Association Between Emergency Department Overcrowding and Patient Outcome at a Teaching Hospital, at Eastern Province in Saudi Arabia

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Khubrani, Fatimah Yahia Muria
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Saudi Digital Library
Abstract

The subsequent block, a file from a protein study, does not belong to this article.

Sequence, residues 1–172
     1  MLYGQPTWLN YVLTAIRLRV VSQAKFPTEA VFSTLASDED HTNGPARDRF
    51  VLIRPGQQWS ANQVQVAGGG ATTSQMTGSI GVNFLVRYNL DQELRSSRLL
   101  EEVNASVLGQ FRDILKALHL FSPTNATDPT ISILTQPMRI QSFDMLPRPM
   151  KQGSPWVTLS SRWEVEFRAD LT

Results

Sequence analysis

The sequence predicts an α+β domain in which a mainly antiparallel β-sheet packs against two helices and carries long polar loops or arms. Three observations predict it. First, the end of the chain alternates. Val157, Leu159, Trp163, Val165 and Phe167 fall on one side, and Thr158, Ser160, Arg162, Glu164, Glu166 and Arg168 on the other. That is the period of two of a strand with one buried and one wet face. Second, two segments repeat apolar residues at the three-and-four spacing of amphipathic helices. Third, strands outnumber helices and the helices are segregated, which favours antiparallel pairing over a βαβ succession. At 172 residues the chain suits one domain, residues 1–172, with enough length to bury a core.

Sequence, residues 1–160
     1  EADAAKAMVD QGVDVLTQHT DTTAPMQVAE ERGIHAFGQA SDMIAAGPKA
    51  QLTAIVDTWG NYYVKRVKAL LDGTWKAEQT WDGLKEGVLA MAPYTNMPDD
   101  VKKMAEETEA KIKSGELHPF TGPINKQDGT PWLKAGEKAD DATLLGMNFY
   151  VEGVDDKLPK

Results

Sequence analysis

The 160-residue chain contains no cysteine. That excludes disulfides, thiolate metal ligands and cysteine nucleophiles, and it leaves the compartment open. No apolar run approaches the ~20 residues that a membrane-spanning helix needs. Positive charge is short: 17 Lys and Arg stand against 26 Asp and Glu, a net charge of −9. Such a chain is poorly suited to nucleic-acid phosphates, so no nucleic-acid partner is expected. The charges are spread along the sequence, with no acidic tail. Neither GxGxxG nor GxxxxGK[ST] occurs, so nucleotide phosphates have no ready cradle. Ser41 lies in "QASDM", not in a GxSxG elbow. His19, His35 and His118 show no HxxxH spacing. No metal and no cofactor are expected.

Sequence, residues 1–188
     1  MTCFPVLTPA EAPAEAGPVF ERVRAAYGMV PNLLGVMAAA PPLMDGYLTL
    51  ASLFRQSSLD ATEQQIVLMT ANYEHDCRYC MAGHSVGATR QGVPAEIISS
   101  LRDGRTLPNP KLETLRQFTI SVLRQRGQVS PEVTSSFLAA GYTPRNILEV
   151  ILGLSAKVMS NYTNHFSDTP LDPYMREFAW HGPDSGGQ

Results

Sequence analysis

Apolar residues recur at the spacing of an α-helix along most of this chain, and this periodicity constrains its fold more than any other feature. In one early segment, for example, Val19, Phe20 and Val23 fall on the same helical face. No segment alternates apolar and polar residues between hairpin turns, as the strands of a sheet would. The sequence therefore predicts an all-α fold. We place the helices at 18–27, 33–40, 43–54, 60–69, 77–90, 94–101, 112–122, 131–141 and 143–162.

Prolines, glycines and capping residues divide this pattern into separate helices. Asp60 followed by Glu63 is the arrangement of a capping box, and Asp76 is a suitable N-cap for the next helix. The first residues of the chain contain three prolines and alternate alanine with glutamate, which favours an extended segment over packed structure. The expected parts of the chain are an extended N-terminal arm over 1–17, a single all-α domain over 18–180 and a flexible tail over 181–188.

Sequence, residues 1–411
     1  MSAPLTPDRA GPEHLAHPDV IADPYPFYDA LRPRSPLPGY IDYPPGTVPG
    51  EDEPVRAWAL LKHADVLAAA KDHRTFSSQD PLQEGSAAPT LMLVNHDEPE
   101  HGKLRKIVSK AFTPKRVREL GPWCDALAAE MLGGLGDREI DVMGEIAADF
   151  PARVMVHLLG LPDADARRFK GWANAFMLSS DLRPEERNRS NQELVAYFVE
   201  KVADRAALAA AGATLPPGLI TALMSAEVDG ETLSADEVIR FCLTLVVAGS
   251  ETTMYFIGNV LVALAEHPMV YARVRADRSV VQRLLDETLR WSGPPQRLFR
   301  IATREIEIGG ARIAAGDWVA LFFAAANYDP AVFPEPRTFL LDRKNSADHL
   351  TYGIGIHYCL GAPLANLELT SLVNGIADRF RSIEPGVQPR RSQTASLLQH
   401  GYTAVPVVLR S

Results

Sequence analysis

An emergency department (ED) is highly important in a hospital setting, given that it offers 24-hour professional healthcare to patients in need. However, ED overcrowding has started to be a global healthcare crisis, where the patient capacity of an ED is not high enough to meet the demands of its patient. Thus, this study aimed to explore the possible relationships between ED crowding and both mortality rates and length of stay in an ED.Methods: This retrospective cohort analysis used data abstracted from the Quadra Med Information System on patients who visited the ED of a tertiary university hospital in the Eastern province of Saudi Arabia during the period from 1 January 2018 to 31 December 2018. The criteria for ED occupancy rates were: low crowded if the ED occupancy was ≤ 0.50 the occupancy rate and as high crowded if the ED occupancy was ≥ 1.00 the occupancy rates. Length of stay was defined as prolonged when is more than six hours.Result: Our results showed that there was no significant association between mortality rates and crowding status in the ED. On the other hand, the median length ± interquartile range of the length of stay for low-crowded and high-crowded conditions were 211 ± 606 and 242 ± 659 minutes, respectively. There was a significant association between ED crowding status and length of stay (p < .05).Conclusions: Crowding status was not associated with increased mortality. However, patients’ length of stay in the ED was associated with the crowding status of ED. Therefore, decision-makers at the ministry of health should develop and implement measures to shed light on the causes of overcrowding in the ED and interventions to reduce such crowding and resolve the problems that follow from such conditions to shorten the patients’ length of stay in the ED.
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